HENDERSON, Nev. (KLAS) — It is no secret that the pandemic has drastically impacted many families here in Southern Nevada, but for those who were already struggling, it made it even more difficult to move forward.
Normally teachers can connect with their students and pick up on signals that something may be wrong, but due to distance learning that has been a challenge.
As a solution, a local teacher assigned an essay asking students what they have experienced during the pandemic. She said one response, impacted her greatly.
Kristin Pohl has been teaching for nearly 15 years.
“The kids aren’t required to turn their cameras on, so I teach to dots a lot,” Pohl said.
Although distance learning has created some challenges, Pohl says some students have stepped up, and engaged in class.
“He was very open to ideas and was one of the first ones to turn his camera on, and participated in class a lot,” Pohl said.
Pohl is speaking about 11th grader JJ Rodriguez — a bright student with a deep interest in fashion. Amidst the pandemic, he planned a fashion show — the first one ever done at his high school.
“I noticed him a lot, but I was not at all prepared for the essay that he wrote,” Pohl said.
“I felt like I was asking and screaming for help, but nobody was listening,” JJ said.
In his essay, Rodriguez described how over the past year his family, including his mother and sister, were homeless and living in their car but trying to stay positive and push forward together.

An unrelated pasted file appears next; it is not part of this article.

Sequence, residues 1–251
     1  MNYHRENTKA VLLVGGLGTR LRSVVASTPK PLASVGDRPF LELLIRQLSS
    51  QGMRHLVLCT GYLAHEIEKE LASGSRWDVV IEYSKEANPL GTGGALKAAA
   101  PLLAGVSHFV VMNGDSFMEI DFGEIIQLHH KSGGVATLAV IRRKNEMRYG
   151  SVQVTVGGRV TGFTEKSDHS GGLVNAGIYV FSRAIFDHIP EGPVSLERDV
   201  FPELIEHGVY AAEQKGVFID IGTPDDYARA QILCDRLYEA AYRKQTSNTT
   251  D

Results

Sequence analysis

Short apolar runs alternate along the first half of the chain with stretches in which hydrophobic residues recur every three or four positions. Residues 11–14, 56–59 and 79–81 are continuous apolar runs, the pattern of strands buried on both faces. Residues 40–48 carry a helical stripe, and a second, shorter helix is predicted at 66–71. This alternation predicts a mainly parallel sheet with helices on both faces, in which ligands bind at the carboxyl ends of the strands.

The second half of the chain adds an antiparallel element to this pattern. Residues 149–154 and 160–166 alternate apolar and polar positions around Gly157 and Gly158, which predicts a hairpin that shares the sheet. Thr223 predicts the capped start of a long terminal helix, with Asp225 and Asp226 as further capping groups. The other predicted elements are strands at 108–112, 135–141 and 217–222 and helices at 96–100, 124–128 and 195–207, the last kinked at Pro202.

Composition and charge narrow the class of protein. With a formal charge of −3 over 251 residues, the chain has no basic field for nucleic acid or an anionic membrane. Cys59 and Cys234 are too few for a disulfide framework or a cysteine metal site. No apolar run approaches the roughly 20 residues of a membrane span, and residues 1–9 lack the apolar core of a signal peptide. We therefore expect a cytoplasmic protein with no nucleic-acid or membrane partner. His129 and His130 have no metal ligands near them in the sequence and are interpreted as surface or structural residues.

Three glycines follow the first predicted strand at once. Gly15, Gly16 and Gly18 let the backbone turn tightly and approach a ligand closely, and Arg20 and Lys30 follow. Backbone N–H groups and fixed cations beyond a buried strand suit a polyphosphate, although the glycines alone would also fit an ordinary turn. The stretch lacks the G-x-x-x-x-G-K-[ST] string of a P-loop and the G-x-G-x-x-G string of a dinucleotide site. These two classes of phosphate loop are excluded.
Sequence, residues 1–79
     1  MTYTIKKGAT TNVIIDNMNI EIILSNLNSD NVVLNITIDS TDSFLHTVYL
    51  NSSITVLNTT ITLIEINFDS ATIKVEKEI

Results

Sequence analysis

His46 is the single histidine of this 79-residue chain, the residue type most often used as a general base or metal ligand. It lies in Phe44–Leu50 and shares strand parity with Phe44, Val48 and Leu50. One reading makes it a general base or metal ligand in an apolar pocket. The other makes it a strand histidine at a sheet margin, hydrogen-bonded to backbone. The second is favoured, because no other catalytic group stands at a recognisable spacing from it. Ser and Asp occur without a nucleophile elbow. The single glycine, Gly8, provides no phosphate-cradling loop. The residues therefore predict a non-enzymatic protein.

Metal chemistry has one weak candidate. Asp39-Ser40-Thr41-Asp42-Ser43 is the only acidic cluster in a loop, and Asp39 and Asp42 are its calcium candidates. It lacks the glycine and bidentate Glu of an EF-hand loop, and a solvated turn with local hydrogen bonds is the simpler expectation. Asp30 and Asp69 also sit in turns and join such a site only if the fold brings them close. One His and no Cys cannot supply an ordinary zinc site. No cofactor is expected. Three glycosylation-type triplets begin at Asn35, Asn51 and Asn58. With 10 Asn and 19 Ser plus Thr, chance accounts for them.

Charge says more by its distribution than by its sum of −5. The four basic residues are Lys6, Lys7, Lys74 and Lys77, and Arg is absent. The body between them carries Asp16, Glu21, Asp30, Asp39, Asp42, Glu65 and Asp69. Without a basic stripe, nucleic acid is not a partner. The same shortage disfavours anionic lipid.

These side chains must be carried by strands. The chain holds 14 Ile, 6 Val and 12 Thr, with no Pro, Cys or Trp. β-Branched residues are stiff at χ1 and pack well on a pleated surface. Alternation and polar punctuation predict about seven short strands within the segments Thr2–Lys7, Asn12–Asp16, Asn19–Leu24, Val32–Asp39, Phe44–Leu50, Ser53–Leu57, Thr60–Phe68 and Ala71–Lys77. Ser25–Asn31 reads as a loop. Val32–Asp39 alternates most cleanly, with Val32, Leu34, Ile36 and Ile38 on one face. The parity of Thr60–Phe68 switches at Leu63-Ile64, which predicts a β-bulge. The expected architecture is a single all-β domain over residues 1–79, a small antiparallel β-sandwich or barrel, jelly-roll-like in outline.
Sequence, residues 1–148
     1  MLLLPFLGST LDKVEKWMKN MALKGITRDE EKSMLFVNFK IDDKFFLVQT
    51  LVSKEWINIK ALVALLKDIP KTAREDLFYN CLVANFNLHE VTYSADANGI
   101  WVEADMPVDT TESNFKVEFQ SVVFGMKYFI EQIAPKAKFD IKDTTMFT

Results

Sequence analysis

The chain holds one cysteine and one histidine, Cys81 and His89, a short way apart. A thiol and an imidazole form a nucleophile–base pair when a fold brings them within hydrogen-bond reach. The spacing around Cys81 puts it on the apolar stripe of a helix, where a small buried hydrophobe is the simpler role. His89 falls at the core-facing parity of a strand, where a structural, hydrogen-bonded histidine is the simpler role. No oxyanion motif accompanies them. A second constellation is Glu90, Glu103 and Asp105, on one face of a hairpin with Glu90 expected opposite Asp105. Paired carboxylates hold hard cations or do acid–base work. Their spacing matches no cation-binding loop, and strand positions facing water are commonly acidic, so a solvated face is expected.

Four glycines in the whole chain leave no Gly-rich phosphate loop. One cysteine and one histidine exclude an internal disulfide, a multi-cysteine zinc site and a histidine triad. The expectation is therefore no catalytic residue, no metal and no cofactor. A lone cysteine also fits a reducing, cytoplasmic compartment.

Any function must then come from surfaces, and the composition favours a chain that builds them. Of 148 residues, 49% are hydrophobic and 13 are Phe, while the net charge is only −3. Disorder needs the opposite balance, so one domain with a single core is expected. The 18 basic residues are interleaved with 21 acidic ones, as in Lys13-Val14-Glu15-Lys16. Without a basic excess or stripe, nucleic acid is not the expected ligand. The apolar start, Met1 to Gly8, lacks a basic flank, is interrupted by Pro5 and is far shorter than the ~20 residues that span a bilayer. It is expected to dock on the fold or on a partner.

“I tried to put on a strong face at school and make it seem like nothing was happening, because I didn’t want my friends to think bad about me,” said Nevaeh Jones, JJ’s sister.
“We were in the cold, like, there were nights where we would, have to open the car door and go to the bathroom,” added Alicia Green, JJ and Nevaeh’s mother.
To avoid being separated, JJ and his family temporarily moved in with a friend. In October, they received housing.
“Now we can finally breathe and put ourselves back together,” JJ said.
Despite this new stability, the family was still without mattresses, warm clothes, and furniture. After a little convincing, Pohl created a GoFundMe account for the family.
“Within 24 hours I had over a thousand dollars, it was pretty amazing,” Pohl said.
Now with help from the community, the family is focused on moving forward together.
“I don’t want my kids to give up ever,” Green said. “If they’re not going to give up, I’m not going to give up.”
Pohl is now trying to maximize these donations so she can continue to help families in the area. She says the donations she has received up to this point are from fellow teachers, and former students who she helped in the past and are now paying it forward.
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